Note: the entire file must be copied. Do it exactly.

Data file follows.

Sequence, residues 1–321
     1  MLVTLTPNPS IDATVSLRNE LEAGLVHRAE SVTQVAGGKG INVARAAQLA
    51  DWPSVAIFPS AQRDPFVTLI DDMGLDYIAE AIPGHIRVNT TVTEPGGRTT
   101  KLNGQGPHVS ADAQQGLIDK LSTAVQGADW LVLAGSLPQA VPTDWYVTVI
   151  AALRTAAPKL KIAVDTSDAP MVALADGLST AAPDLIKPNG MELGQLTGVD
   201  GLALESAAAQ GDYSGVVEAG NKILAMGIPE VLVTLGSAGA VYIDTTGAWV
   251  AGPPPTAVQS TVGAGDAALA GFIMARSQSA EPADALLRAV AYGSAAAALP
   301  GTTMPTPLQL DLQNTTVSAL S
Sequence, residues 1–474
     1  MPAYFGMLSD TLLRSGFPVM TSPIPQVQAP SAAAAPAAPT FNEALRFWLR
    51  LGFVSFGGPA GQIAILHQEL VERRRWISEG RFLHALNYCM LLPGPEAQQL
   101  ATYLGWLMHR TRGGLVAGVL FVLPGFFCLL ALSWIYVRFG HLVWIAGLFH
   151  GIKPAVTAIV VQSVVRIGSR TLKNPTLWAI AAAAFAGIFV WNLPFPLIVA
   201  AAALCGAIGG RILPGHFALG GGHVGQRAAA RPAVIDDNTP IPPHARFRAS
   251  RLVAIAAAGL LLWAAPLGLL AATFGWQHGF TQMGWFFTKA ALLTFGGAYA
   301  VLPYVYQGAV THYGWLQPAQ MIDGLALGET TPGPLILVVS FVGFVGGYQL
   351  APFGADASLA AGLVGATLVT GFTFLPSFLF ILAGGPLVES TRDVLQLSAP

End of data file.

Sequence, residues 1–321
     1  MLVTLTPNPS IDATVSLRNE LEAGLVHRAE SVTQVAGGKG INVARAAQLA
    51  DWPSVAIFPS AQRDPFVTLI DDMGLDYIAE AIPGHIRVNT TVTEPGGRTT
   101  KLNGQGPHVS ADAQQGLIDK LSTAVQGADW LVLAGSLPQA VPTDWYVTVI
   151  AALRTAAPKL KIAVDTSDAP MVALADGLST AAPDLIKPNG MELGQLTGVD
   201  GLALESAAAQ GDYSGVVEAG NKILAMGIPE VLVTLGSAGA VYIDTTGAWV
   251  AGPPPTAVQS TVGAGDAALA GFIMARSQSA EPADALLRAV AYGSAAAALP
   301  GTTMPTPLQL DLQNTTVSAL S
Sequence, residues 1–474
     1  MPAYFGMLSD TLLRSGFPVM TSPIPQVQAP SAAAAPAAPT FNEALRFWLR
    51  LGFVSFGGPA GQIAILHQEL VERRRWISEG RFLHALNYCM LLPGPEAQQL
   101  ATYLGWLMHR TRGGLVAGVL FVLPGFFCLL ALSWIYVRFG HLVWIAGLFH
   151  GIKPAVTAIV VQSVVRIGSR TLKNPTLWAI AAAAFAGIFV WNLPFPLIVA
   201  AAALCGAIGG RILPGHFALG GGHVGQRAAA RPAVIDDNTP IPPHARFRAS
   251  RLVAIAAAGL LLWAAPLGLL AATFGWQHGF TQMGWFFTKA ALLTFGGAYA
   301  VLPYVYQGAV THYGWLQPAQ MIDGLALGET TPGPLILVVS FVGFVGGYQL
   351  APFGADASLA AGLVGATLVT GFTFLPSFLF ILAGGPLVES TRDVLQLSAP